• man smb.conf: describes the format of the main Samba configuration file.

  • The Samba section of the RedHat Support Resources on Printing and File Services.

  • The Samba Project Documentation (or check your local samba.org mirror) contains an easy to read installation and testing guide, which also explains how to configure your Samba server as a Primary Domain Controller.

  • The Samba website contains more documentation, including a troubleshooting guide.

10.1.1.7. Miscellaneous protocols

Linux also has support for Amateur Radio, WAN internetworking (X25, Frame Relay, ATM), InfraRed and other wireless connections, but since these protocols usually require special hardware, we won't discuss them in this document.

10.1.2. Network configuration and information

10.1.2.1. Configuration of local network interfaces

All the big, userfriendly Linux distributions come with various graphical tools, allowing for easy setup of the computer in a local network or for connecting it to an Internet Service Provider. These tools can be started up from the command line or from a menu:

  • RedHat Linux comes with redhat-config-network, which has both a graphical and a text mode interface.

  • Suse's YAST or YAST2 is an all-in-one configuration tool.

  • Mandrake comes with a Network and Internet Configuration Wizard, which is preferably started up from Mandrake's Control Center.

Your system documentation provides plenty of advice and information about availability and use of tools.

Information you'll need to provide:

  • For connecting to the local network, for instance with your home computers, or at work: hostname, domainname and IP address. If you want to set up your own network, best do some more reading first. At work, this information is likely to be given to your computer automatically when you boot it up. When in doubt, it is better not to specify any information than making it up.

  • For connecting to the Internet: username and password for your ISP, telephone number when using a modem. Your ISP usually automatically assigns you a hostname, IP address and all the other things necessary for your Internet applications to work.

10.1.2.2. Network configuration files

The graphical helper tools edit a specific set of network configuration files, using a couple of basic commands. The exact names of the configuration files and their location in the file system is largely dependent on your Linux distribution and version. However, a couple of network configuration files are common on all UNIX systems:

  • /etc/hosts: always contains the localhost IP address, 127.0.0.1, which is used for interprocess communication. Never remove this line! Sometimes contains addresses of additional hosts, which can be contacted without using an external naming service such as DNS (the Domain Name Server).

    A sample hosts file for a small home network:

    
# Do not remove the following line, or various programs
    # that require network functionality will fail.
    127.0.0.1       localhost.localdomain   localhost
    192.168.52.10	tux.mylan.com		tux
    192.168.52.11	winxp.mylan.com		winxp
    

    Read more in man hosts.

  • /etc/resolv.conf: configure access to a DNS server. This file contains your domain name and the name server(s) to contact:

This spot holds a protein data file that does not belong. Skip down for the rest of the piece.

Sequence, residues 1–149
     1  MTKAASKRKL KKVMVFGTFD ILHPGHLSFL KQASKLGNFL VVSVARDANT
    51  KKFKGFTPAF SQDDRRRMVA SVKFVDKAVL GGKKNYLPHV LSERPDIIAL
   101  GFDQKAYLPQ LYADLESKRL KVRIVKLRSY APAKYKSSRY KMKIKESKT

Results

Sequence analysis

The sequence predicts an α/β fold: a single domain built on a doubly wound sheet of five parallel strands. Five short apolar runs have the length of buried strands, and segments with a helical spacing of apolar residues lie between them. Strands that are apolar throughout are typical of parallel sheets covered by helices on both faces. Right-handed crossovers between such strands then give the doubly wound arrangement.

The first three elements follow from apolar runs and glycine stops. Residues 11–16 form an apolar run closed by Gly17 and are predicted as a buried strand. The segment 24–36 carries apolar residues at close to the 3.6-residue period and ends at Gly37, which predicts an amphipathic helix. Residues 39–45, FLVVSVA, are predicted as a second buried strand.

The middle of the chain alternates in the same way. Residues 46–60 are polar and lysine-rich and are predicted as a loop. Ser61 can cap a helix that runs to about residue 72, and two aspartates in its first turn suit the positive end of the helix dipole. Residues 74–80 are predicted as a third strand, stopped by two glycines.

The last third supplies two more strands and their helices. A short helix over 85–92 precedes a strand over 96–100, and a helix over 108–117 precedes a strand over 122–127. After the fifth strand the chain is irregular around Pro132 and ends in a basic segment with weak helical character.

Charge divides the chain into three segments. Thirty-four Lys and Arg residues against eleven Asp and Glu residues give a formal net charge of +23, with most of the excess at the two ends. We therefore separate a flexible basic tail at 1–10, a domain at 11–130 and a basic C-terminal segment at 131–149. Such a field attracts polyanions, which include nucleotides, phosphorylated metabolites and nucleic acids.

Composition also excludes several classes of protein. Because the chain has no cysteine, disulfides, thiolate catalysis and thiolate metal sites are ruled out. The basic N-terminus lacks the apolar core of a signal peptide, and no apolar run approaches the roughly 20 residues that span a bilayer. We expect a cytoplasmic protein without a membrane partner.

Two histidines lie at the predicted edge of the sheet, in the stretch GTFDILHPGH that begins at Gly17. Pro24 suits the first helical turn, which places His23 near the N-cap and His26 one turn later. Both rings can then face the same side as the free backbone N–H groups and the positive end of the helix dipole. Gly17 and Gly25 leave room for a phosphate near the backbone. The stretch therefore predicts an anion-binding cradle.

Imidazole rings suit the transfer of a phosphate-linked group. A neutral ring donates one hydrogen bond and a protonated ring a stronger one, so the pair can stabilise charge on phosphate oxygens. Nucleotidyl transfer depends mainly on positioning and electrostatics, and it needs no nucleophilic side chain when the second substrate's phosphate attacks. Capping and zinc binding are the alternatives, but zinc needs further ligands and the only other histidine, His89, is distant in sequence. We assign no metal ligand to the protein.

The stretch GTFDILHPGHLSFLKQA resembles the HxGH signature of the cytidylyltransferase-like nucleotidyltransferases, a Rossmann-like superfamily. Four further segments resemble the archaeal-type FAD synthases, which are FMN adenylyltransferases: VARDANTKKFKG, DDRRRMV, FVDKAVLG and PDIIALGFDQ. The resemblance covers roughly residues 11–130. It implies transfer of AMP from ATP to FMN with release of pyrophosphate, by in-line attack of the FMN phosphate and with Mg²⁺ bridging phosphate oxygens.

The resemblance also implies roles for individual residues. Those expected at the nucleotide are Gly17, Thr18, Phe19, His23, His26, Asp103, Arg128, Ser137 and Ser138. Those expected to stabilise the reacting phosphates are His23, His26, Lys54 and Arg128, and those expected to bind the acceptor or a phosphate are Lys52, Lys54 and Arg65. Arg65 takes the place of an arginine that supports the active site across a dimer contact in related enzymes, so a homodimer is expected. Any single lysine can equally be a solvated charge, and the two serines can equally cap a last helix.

search mylan.com
    nameserver 193.134.20.4
    

    Read more in the resolv.conf man page.

  • /etc/nsswitch.conf: defines the order in which to contact different name services. For Internet use, it is important that dns shows up in the "hosts" line:

    
[bob@tux ~] grep hosts /etc/nsswitch.conf
    hosts:	files dns
    

    This instructs your computer to look up hostnames and IP addresses first in the /etc/hosts file, and to contact the DNS server if a given host does not occur in the local hosts file. Other possible name services to contact are LDAP, NIS and NIS+.

    More in man nsswitch.conf.

10.1.2.3. Network configuration commands

The distribution-specific scripts and graphical tools use ip (or ifconfig and route on older systems) to configure the kernel's networking configuration.

The ip command is used for assigning IP addresses to interfaces, for setting up routes to the Internet and to other networks, for displaying TCP/IP configurations etcetera.

The following commands show IP address and routing information:


benny@home benny> ip addr show
1: lo: <LOOPBACK,UP> mtu 16436 qdisc noqueue 
    link/loopback 00:00:00:00:00:00 brd 00:00:00:00:00:00
    inet 127.0.0.1/8 brd 127.255.255.255 scope host lo
    inet6 ::1/128 scope host 
2: eth0: <BROADCAST,MULTICAST,UP> mtu 1500 qdisc pfifo_fast qlen 100
    link/ether 00:50:bf:7e:54:9a brd ff:ff:ff:ff:ff:ff
    inet 192.168.42.15/24 brd 192.168.42.255 scope global eth0
    inet6 fe80::250:bfff:fe7e:549a/10 scope link 

benny@home benny> ip route show
192.168.42.0/24 dev eth0  scope link 
127.0.0.0/8 dev lo  scope link 
default via 192.168.42.1 dev eth0 

On your laptop which you usually connect to the company network using the onboard Ethernet connection, but which you are now to configure for dial-in at home or in a hotel, you might need to activate the PCMCIA card. This is done using the cardctl control utility. However, a good distribution should provide PCMCIA support in the network configuration tools, preventing users from having to execute PCMCIA commands manually.

Further discussion of network configuration is out of the scope of this document. Your primary source for extra information is the man pages for the services you want to set up. Additional reading:

  • The Modem-HOWTO: Help with selecting, connecting, configuring, trouble-shooting, and understanding analog modems for a PC.

  • LDP HOWTO Index, section 4.4: categorized list of HOWTOs about general networking, protocols, dial-up, DNS, VPNs, bridging, routinfg, security and more.